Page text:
Creative Lives — Illustrator Patch Keyes tells us why taking the less ‘cool’ jobs is ok
Inspired by a mix of album covers, punk, psychedelia and skateboard art, Bristol-based illustrator and graphic designer Patch Keyes keeps his influences broad and varied. “It becomes very obvious when everyone is pulling from the same inspiration,” he says. Now, he draws from more “esoteric sources” for clients like Pitchfork, The Vinyl Factory, Mixmag and Ninja Tune, while his work comes littered with retro-inspired characters and plenty of texture. We caught up with Patch to find out more about how he juggles the financial side of being a freelancer, and why there’s no shame in taking on the less ‘cool’ jobs to pay your bills.
Freelance Illustrator and Graphic Designer
Pitchfork, The Vinyl Factory, Black Acre Records, Ninja Tune, Mixmag, ASOS
Screenprinter, Chemical Records August (2011–2013)
Screenprint Technician, Bath Spa University (2009–2011)
BA Graphic Communication, Bath Spa University (2006–2009)
How would you describe what you do?
I am a freelance Illustrator who also takes on graphic design jobs, either by proxy or necessity. I tend to work for clients within the ‘underground’ music business, whether that be labels, promotors or sites associated with music journalism. I also occasionally work as a freelancer for production companies doing style frames or bits of animation here and there.
What does a typical working day look like and where does it happen?
I work from home now, for better or for worse – I can’t really justify the cost of a studio space at this point. I’m lucky that we have a small spare room that I can set up in, so it feels like an actual work space rather than having to work in the kitchen or bedroom as I’ve had to do before. I get up around eight and try to stick to a nine-to-five workday if possible, it depends on the workload.
When working on multiple projects, I usually just swap over to a new project when I’m waiting for feedback on another; it feels a lot like juggling for the most part. I try and take at least one short break per day to give my eyes a rest, luckily my dog Dot makes sure I leave the house at some point every day!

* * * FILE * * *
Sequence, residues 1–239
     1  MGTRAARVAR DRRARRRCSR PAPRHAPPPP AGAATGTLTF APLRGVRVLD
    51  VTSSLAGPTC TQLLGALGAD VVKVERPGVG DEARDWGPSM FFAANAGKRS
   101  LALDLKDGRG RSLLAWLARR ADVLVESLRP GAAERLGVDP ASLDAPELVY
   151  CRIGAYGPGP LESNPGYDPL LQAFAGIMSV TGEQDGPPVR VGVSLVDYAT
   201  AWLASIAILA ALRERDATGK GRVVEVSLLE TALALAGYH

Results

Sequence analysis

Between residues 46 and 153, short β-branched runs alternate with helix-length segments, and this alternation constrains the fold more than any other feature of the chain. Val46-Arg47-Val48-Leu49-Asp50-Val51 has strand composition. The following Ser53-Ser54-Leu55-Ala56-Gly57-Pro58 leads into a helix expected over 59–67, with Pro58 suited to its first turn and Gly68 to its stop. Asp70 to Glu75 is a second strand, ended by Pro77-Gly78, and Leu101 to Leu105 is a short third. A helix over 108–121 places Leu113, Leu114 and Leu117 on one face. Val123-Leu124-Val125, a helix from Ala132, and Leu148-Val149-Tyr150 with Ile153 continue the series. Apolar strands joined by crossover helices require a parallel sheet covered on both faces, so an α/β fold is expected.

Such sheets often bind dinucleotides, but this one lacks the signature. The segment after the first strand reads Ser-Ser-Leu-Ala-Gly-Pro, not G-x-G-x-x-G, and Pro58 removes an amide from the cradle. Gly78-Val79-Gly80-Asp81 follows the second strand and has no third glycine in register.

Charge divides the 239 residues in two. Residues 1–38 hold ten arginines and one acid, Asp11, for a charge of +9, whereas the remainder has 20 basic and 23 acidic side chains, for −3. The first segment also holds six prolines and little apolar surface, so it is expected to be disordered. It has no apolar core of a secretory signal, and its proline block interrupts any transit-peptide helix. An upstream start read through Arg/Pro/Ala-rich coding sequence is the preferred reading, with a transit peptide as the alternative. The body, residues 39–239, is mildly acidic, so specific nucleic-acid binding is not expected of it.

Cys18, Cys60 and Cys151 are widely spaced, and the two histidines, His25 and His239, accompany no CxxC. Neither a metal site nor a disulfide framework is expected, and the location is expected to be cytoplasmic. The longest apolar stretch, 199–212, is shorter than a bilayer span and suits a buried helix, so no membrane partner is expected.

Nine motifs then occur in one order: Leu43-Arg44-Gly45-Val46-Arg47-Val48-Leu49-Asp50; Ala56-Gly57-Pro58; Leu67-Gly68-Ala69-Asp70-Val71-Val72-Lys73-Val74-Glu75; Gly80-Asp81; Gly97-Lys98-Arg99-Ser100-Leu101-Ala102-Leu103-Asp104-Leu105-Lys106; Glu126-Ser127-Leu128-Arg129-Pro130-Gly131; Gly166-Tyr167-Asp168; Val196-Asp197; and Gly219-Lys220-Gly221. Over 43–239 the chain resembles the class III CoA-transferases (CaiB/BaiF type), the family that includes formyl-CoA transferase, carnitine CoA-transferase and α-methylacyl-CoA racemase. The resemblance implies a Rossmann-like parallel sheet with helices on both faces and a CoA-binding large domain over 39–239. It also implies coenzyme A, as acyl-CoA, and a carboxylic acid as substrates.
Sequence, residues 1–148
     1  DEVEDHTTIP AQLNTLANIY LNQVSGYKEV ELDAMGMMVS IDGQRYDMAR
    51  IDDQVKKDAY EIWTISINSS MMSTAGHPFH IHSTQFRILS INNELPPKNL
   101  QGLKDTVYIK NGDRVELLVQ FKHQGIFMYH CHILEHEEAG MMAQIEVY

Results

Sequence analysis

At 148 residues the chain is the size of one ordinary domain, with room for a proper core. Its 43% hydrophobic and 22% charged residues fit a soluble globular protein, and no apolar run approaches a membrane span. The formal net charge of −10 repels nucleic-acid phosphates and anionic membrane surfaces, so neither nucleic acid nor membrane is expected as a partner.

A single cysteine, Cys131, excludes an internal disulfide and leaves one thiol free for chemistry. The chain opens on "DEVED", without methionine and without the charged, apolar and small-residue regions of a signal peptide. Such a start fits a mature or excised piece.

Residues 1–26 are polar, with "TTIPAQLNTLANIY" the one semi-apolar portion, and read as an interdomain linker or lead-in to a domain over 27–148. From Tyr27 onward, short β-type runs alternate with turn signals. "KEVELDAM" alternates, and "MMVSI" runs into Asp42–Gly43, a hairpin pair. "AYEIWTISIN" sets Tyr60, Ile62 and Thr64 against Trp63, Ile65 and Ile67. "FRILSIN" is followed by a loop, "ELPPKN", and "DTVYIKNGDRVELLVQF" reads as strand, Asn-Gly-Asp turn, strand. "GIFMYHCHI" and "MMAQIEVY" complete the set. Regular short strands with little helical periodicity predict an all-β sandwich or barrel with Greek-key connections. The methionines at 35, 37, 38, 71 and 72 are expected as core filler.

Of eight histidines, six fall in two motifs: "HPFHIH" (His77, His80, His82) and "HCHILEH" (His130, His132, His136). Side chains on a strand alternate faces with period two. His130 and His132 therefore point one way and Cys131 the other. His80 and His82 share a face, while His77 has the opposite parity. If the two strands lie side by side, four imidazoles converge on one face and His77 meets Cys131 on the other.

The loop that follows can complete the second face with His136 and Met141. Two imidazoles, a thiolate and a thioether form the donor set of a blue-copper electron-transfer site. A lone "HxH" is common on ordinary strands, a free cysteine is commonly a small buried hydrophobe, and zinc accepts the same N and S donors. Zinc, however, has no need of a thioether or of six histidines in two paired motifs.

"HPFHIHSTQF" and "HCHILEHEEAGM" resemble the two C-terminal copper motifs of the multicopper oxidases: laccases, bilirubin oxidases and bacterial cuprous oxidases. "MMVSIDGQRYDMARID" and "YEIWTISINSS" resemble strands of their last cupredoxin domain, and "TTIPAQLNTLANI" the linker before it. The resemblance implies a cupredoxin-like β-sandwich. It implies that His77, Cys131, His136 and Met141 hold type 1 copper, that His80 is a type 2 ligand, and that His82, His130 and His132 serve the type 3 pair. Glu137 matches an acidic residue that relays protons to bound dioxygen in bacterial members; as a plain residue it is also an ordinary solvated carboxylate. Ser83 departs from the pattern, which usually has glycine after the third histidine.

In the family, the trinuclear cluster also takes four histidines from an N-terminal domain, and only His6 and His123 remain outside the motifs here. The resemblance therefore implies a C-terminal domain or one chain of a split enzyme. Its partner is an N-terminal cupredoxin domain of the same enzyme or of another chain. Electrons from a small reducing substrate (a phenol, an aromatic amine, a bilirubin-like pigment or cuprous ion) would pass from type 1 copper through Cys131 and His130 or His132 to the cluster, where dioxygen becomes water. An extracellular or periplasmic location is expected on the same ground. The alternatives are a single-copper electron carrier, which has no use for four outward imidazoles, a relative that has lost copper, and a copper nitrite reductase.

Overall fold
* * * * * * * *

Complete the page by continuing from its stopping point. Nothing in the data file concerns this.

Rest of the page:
“Having something tangible out there in the world to be enjoyed for years to come is a great feeling.”
What are the most and least enjoyable aspects of your job?
The most enjoyable aspect of my job is without a doubt creating artwork that ends up in print – particularly something like a record sleeve where it’s been a journey to get everything together – starting, of course, with the music. Having something tangible out there in the world to be enjoyed (hopefully) for years to come is a great feeling. The worst part of the job is the admin and having to constantly chase up invoices.
What skills would you say are essential to your job?
Aside from the obvious, I think the main essential skill would be perseverance followed by some level of organisational skill. I’m only just getting the organisation thing down, to be honest.
Inside Patch’s studio
What tools do you use most for your work?
I use a mixture of analogue and digital techniques; I love using brush and ink or a Pentel brush pen and other mark-making tools, then scanning and composing in Photoshop. I print and re-scan areas of my work to get some extra texture in there as well – I think it’s nice to incorporate some physical processes. I also have a good digital database of textures and things that I can use to give my work a more organic feel.